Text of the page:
2. Oppmann, B., R. Lesley, B. Blom, J.C. Timans, Y. Xu, B. Hunte, F. Vega, N. Yu, J. Wang, K. Singh, et al. 2000. Novel p19 protein engages IL-12p40 to form a cytokine, IL-23, with biological activities similar as well as distinct from IL-12. Immunity. 13:715–725. [PubMed]
3. Cua, D.J., J. Sherlock, Y. Chen, C.A. Murphy, B. Joyce, B. Seymour, L. Lucian, W. To, S. Kwan, T. Churakova, et al. 2003. Interleukin-23 rather than interleukin-12 is the critical cytokine for autoimmune inflammation of the brain. Nature. 421:744–748. [PubMed]
4. Langrish, C.L., Y. Chen, W.M. Blumenschein, J. Mattson, B. Basham, J.D. Sedgwick, T. McClanahan, R.A. Kastelein, and D.J. Cua. 2005. IL-23 drives a pathogenic T cell population that induces autoimmune inflammation. J. Exp. Med. 201:233–240. [PMC free article] [PubMed]
5. Murphy, C.A., C.L. Langrish, Y. Chen, W. Blumenschein, T. McClanahan, R.A. Kastelein, J.D. Sedgwick, and D.J. Cua. 2003. Divergent pro- and antiinflammatory roles for IL-23 and IL-12 in joint autoimmune inflammation. J. Exp. Med. 198:1951–1957. [PMC free article] [PubMed]
6. Parham, C., M. Chirica, J. Timans, E. Vaisberg, M. Travis, J. Cheung, S. Pflanz, R. Zhang, K.P. Singh, F. Vega, et al. 2002. A receptor for the heterodimeric cytokine IL-23 is composed of IL-12Rβ1 and a novel cytokine receptor subunit, IL-23R. J. Immunol. 168:5699–5708. [PubMed]
7. Aggarwal, S., N. Ghilardi, M.H. Xie, F.J. de Sauvage, and A.L. Gurney. 2003. Interleukin-23 promotes a distinct CD4 T cell activation state characterized by the production of interleukin-17. J. Biol. Chem. 278:1910–1914. [PubMed]
8. Harrington, L.E., R.D. Hatton, P.R. Mangan, H. Turner, T.L. Murphy, K.M. Murphy, and C.T. Weaver. 2005. Interleukin 17-producing CD4+ effector T cells develop via a lineage distinct from the T helper type 1 and 2 lineages. Nat. Immunol. 6:1123–1132. [PubMed]
9. Park, H., Z. Li, X.O. Yang, S.H. Chang, R. Nurieva, Y.H. Wang, Y. Wang, L. Hood, Z. Zhu, Q. Tian, and C. Dong. 2005. A distinct lineage of CD4 T cells regulates tissue inflammation by producing interleukin 17. Nat. Immunol. 6:1133–1141. [PMC free article] [PubMed]
10. Kolls, J.K., and A. Linden. 2004. Interleukin-17 family members and inflammation. Immunity. 21:467–476. [PubMed]
11. Parronchi, P., P. Romagnani, F. Annunziato, S. Sampognaro, A. Becchio, L. Giannarini, E. Maggi, C. Pupilli, F. Tonelli, and S. Romagnani. 1997. Type 1 T-helper cell predominance and interleukin-12 expression in the gut of patients with Crohn's disease. Am. J. Pathol. 150:823–832. [PMC free article] [PubMed]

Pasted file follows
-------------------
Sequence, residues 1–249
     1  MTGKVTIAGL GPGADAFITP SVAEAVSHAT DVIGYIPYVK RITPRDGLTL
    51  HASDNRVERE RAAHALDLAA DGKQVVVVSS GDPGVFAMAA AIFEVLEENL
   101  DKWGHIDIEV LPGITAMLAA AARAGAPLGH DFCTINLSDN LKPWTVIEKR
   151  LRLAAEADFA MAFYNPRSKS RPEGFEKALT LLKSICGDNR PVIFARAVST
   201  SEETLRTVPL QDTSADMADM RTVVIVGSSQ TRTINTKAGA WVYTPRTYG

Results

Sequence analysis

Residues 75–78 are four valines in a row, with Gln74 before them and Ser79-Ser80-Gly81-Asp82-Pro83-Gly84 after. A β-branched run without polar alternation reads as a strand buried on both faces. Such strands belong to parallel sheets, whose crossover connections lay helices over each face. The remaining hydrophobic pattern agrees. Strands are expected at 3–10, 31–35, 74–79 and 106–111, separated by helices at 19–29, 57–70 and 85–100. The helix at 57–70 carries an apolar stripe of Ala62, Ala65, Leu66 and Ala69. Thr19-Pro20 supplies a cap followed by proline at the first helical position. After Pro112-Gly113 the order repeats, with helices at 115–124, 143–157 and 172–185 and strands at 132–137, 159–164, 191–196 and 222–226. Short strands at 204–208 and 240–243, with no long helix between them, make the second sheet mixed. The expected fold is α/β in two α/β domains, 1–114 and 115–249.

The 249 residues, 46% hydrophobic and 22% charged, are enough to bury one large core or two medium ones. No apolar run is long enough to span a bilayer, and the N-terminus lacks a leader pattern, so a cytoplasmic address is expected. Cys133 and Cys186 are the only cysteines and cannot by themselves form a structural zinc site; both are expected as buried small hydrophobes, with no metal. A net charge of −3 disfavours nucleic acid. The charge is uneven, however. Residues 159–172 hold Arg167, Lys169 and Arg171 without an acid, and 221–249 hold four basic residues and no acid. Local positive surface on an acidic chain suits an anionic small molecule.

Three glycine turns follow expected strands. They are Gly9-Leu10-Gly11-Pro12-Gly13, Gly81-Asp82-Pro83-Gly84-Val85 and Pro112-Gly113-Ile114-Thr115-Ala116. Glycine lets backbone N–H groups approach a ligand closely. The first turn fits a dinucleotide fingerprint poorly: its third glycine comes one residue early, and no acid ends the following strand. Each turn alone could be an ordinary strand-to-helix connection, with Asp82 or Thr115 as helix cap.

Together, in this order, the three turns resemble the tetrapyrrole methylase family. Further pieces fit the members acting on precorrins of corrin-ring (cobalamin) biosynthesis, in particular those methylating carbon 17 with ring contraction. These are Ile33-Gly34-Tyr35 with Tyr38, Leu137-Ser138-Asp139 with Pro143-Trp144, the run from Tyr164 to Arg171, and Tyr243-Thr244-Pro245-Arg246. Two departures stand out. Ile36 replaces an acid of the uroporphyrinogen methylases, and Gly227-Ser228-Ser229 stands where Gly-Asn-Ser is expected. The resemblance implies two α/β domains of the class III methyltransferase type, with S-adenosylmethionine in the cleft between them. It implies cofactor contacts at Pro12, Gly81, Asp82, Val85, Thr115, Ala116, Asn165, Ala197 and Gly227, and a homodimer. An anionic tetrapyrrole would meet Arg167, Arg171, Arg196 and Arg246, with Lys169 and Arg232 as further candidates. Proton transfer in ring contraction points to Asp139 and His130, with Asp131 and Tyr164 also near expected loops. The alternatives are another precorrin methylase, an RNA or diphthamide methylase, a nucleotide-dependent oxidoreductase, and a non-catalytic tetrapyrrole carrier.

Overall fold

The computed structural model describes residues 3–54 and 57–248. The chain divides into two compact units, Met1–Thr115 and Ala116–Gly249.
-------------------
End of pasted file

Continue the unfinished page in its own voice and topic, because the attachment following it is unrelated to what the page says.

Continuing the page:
12. Monteleone, G., L. Biancone, R. Marasco, G. Morrone, O. Marasco, F. Luzza, and F. Pallone. 1997. Interleukin 12 is expressed and actively released by Crohn's disease intestinal lamina propria mononuclear cells. Gastroenterology. 112:1169–1178. [PubMed]
13. Becker, C., S. Wirtz, M. Blessing, J. Pirhonen, D. Strand, O. Bechthold, J. Frick, P.R. Galle, I. Autenrieth, and M.F. Neurath. 2003. Constitutive p40 promoter activation and IL-23 production in the terminal ileum mediated by dendritic cells. J. Clin. Invest. 112:693–706. [PMC free article] [PubMed]
14. Schmidt, C., T. Giese, B. Ludwig, I. Mueller-Molaian, T. Marth, S. Zeuzem, S.C. Meuer, and A. Stallmach. 2005. Expression of interleukin-12-related cytokine transcripts in inflammatory bowel disease: elevated interleukin-23p19 and interleukin-27p28 in Crohn's disease but not in ulcerative colitis. Inflamm. Bowel Dis. 11:16–23. [PubMed]
15. Mannon, P.J., I.J. Fuss, L. Mayer, C.O. Elson, W.J. Sandborn, D. Present, B. Dolin, N. Goodman, C. Groden, R.L. Hornung, et al. 2004. Anti-interleukin-12 antibody for active Crohn's disease. N. Engl. J. Med. 351:2069–2079. [PubMed]
16. Fuss, I.J., C. Becker, Z. Yang, C. Groden, R.L. Hornung, F. Heller, M.F. Neurath, W. Strober, and P.J. Mannon. 2006. Both IL-12p70 and IL-23 are synthesized during active Crohn's disease and are down-regulated by treatment with anti-IL-12 p40 monoclonal antibody. Inflamm. Bowel Dis. 12:9–15. [PubMed]
17. Neurath, M.F., I. Fuss, B.L. Kelsall, E. Stuber, and W. Strober. 1995. Antibodies to interleukin 12 abrogate established experimental colitis in mice. J. Exp. Med. 182:1281–1290. [PMC free article] [PubMed]
18. Duchmann, R., E. Schmitt, P. Knolle, K.H. Meyer zum Buschenfelde, and M. Neurath. 1996. Tolerance towards resident intestinal flora in mice is abrogated in experimental colitis and restored by treatment with interleukin-10 or antibodies to interleukin-12. Eur. J. Immunol. 26:934–938. [PubMed]
19. Davidson, N.J., S.A. Hudak, R.E. Lesley, S. Menon, M.W. Leach, and D.M. Rennick. 1998. IL-12, but not IFN-γ, plays a major role in sustaining the chronic phase of colitis in IL-10-deficient mice. J. Immunol. 161:3143–3149. [PubMed]
20. Kullberg, M.C., J.M. Ward, P.L. Gorelick, P. Caspar, S. Hieny, A. Cheever, D. Jankovic, and A. Sher. 1998. Helicobacter hepaticus triggers colitis in specific-pathogen-free interleukin-10 (IL-10)-deficient mice through an IL-12- and gamma interferon-dependent mechanism. Infect. Immun. 66:5157–5166. [PMC free article] [PubMed]